Hint: When you know it, write it down.  

4. What’s your business model?

Wait a minute, isn’t the question too nosy? No, it’s not. Making a plan for an application is a tough task. You need to take into account many variables. Your business plan is one of them.

The business model canvas will help you put the pieces together. It’s a one-page overview of your strategy, partners, selling methods and more. Thanks to it you can identify:

  •  Customer Segments – Who are they? What they’re like?
  • Value Propositions – Why the customers buy?
  • Channels – Where are you selling?
  • Customer Relationships – How do you interact with customers?
  • Revenue Streams – Where does your money come from?
  • Key Activities – What strategic things you need to do?
  • Key Resources – What can’t your project live without?
  • Key Partnerships – What can’t you do on your own?
  • Cost Structure – What do you spend money on?

You can download your free business model canvas here. Once you do it, print it and write down all you know about your business.

5. Where’s your prototype?

Let’s clear one thing out – most of the time your app will seem simple and easy to build to you. You’ll say “it should work like Uber here” and “it should look like Instagram here”. It’s fine to compare your product to something that already exists but it’s not enough to show whether the app is complex or not.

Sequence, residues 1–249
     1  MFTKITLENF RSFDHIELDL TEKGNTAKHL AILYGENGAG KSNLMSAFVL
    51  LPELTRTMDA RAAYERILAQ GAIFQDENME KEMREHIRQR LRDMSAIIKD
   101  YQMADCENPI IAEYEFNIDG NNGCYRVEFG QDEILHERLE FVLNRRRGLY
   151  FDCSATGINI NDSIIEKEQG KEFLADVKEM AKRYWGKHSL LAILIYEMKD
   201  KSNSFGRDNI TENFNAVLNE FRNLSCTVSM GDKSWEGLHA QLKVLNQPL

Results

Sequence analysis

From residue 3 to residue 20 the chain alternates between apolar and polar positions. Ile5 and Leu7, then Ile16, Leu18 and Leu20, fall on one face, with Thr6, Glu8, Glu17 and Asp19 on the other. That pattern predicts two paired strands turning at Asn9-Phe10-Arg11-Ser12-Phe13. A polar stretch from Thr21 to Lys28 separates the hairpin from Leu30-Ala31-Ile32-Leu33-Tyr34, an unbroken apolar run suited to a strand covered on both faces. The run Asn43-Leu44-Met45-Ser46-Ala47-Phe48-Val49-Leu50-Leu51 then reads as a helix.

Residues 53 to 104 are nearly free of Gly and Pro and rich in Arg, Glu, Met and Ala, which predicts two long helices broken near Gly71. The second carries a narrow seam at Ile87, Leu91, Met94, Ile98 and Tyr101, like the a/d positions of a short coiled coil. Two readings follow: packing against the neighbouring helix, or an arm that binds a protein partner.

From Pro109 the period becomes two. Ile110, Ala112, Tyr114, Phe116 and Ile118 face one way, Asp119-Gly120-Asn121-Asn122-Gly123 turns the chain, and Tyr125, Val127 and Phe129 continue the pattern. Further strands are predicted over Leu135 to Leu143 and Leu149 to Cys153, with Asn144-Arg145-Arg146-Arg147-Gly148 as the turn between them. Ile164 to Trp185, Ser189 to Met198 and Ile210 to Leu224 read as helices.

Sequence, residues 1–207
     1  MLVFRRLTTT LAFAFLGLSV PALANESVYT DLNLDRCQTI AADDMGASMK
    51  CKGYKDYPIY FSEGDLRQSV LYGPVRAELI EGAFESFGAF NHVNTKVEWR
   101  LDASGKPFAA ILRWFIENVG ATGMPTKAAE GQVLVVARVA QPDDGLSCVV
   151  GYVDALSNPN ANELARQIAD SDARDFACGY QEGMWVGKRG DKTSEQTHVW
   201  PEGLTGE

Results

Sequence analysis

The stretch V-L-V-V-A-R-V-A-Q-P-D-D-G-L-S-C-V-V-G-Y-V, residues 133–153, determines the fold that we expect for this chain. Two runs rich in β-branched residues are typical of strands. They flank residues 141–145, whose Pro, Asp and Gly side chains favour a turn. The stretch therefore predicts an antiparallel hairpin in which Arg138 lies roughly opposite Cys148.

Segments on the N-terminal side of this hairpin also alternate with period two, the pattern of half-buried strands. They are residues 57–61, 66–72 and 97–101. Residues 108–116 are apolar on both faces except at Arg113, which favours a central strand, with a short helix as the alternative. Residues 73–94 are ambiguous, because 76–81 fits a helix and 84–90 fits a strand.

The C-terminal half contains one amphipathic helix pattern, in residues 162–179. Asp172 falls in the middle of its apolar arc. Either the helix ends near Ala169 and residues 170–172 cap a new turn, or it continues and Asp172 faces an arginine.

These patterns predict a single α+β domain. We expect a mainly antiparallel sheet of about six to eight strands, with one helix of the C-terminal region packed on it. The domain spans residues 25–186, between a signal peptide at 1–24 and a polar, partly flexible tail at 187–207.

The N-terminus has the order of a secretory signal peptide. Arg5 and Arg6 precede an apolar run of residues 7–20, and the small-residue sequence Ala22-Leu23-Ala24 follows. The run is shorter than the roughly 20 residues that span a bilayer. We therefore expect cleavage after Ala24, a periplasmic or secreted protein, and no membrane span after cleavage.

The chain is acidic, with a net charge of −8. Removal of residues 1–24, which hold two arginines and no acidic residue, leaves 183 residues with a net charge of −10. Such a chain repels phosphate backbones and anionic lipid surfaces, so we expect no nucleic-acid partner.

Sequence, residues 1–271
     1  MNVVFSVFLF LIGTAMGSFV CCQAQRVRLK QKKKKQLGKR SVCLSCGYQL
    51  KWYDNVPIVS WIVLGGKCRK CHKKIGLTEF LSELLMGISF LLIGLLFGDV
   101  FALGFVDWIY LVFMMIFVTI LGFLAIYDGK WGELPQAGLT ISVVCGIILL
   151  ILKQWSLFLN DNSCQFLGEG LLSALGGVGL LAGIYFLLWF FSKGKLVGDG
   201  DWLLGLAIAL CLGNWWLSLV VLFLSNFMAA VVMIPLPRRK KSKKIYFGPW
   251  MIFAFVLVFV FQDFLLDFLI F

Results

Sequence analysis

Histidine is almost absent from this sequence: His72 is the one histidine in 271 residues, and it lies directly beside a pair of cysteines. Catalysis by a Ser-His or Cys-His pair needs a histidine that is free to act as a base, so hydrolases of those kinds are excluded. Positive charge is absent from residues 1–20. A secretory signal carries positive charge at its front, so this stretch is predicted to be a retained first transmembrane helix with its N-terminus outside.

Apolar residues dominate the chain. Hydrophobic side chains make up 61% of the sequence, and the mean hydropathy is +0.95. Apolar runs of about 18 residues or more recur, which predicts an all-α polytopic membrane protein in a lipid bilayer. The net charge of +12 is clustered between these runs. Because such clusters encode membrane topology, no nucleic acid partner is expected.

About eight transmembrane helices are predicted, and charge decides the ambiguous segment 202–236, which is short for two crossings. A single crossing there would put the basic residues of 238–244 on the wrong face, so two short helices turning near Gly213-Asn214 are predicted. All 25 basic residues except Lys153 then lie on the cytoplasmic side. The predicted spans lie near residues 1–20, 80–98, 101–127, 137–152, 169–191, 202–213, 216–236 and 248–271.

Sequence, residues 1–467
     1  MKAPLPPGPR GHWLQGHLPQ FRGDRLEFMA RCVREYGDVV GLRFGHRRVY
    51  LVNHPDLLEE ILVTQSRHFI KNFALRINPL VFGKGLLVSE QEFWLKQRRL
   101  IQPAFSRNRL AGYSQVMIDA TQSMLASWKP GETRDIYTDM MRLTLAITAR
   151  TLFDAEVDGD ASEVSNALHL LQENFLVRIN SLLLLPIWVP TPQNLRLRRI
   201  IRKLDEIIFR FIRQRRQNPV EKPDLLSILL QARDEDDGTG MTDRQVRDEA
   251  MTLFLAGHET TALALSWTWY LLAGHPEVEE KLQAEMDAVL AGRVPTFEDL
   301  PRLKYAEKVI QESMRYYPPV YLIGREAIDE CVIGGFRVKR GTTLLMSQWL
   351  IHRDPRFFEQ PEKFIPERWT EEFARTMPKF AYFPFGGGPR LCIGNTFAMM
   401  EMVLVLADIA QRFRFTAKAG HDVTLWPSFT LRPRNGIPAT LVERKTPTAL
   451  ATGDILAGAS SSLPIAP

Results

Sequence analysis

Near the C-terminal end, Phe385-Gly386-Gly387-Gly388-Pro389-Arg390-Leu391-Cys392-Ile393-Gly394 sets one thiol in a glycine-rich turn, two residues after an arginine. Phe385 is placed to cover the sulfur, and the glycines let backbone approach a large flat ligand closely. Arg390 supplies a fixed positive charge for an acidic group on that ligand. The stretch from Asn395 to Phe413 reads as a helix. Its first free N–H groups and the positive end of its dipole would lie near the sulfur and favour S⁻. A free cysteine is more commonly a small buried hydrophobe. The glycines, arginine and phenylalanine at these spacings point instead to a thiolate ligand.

A prototype is a great way to go for. Some of the good tools for prototyping are:

The good news is that you don’t have to be a designer or sketching hero to make your own prototype. It’s enough if you make a diagram with all the screens your application would show. You’ll be surprised how great exercise prototyping is, and how it makes you see the entire product in and out.

Do the math

Let’s say that you went through the business questions and you’ve even prepared a prototype. You know what you want and why it’s valuable. Now it’s time to do the math.

You’ll probably ask a few software companies to prepare offers and make technology recommendations. You’ll get the offers together and compare. It’s natural that you don’t want to pay more than you need. Still, comparing only based on the budget can get you to a dark corner.